Air quality in Punjab sinks, triggers health concerns
The state today witnessed one of the worst days in terms of air quality and smog with two cities in the ‘severe’ category and three others in the ‘very poor’ category for almost the entire day with smog-like conditions prevailing across Punjab, raising health concerns among the elderly, children and the vulnerable.
The average AQI today was around 332, far worse than 224 recorded on Diwali this year.
Experts said crackers on Tuesday night due to the Gurpurb celebrations, along with hundreds of farm fires, were responsible for the worst air quality in Ludhiana and Khanna, affecting visibility too. People complained of a choked atmosphere all throughout the day in Ludhiana and Khanna, which reported an AQI of 408 and 417 (severe), respectively.
Other cities too did not fare well with Amritsar (311), Jalandhar (332) and Patiala (362) also falling in the very ‘poor’ category. Many private sports academies and schools have decided to cancel their evening outdoor practice sessions following difficulty in breathing and high particulate matter (PM)-loaded air. Most of the state did not get any sunshine on Wednesday after limited sunlight was witnessed in Punjab on Tuesday.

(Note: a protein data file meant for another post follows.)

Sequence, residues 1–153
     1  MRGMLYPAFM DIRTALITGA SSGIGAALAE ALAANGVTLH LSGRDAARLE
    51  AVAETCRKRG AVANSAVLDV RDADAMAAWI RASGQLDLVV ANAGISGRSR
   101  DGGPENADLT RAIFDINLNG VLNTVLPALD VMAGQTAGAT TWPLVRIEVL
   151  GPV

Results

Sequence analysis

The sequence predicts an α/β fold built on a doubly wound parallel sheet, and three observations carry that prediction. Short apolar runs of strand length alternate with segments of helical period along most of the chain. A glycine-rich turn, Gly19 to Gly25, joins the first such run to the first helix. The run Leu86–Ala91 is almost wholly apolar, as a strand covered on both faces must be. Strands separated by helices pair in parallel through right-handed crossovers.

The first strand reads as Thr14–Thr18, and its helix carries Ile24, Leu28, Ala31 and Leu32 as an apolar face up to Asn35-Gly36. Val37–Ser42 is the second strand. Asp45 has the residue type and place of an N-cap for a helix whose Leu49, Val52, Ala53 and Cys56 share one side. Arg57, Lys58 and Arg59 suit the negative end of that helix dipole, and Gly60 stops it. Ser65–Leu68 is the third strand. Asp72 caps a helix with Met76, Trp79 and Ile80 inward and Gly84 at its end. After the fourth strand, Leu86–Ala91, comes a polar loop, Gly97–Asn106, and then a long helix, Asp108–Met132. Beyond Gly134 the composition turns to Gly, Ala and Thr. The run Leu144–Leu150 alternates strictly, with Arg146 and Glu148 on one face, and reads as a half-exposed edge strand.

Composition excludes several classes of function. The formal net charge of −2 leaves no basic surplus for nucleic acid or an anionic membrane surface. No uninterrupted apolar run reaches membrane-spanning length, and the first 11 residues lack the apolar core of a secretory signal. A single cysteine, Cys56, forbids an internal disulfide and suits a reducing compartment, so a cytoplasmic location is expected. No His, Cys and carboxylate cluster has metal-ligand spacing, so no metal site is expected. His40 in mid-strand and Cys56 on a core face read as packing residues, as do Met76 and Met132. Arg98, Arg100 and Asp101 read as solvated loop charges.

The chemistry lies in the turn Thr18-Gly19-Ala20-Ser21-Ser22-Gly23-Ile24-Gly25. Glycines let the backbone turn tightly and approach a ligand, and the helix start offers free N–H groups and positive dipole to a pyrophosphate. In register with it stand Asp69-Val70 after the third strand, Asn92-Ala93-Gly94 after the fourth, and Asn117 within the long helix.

An AQI of above 400 is considered ‘severe’ and can affect healthy people and seriously impact those with existing illnesses. An AQI between zero and 50 is considered ‘good’, 51 and 100 (satisfactory), 101 and 200 (moderate), 201 and 300 (poor), 301 and 400 (very poor), and 401 and 500 (severe).
The life-threatening PM2.5 particles in Punjab cities were recorded over 220 in almost all cities. Health experts said polluted air might cause or aggravate health problems such as asthma, emphysema, chronic bronchitis and other respiratory problems. “Try to stay indoors or use a mask when exposed to outside air,” they said.
PM2.5 are lung-damaging fine particles that are 2.5 micrometers or less in diameter and can travel deep into the respiratory tract, reaching the lungs and entering the bloodstream.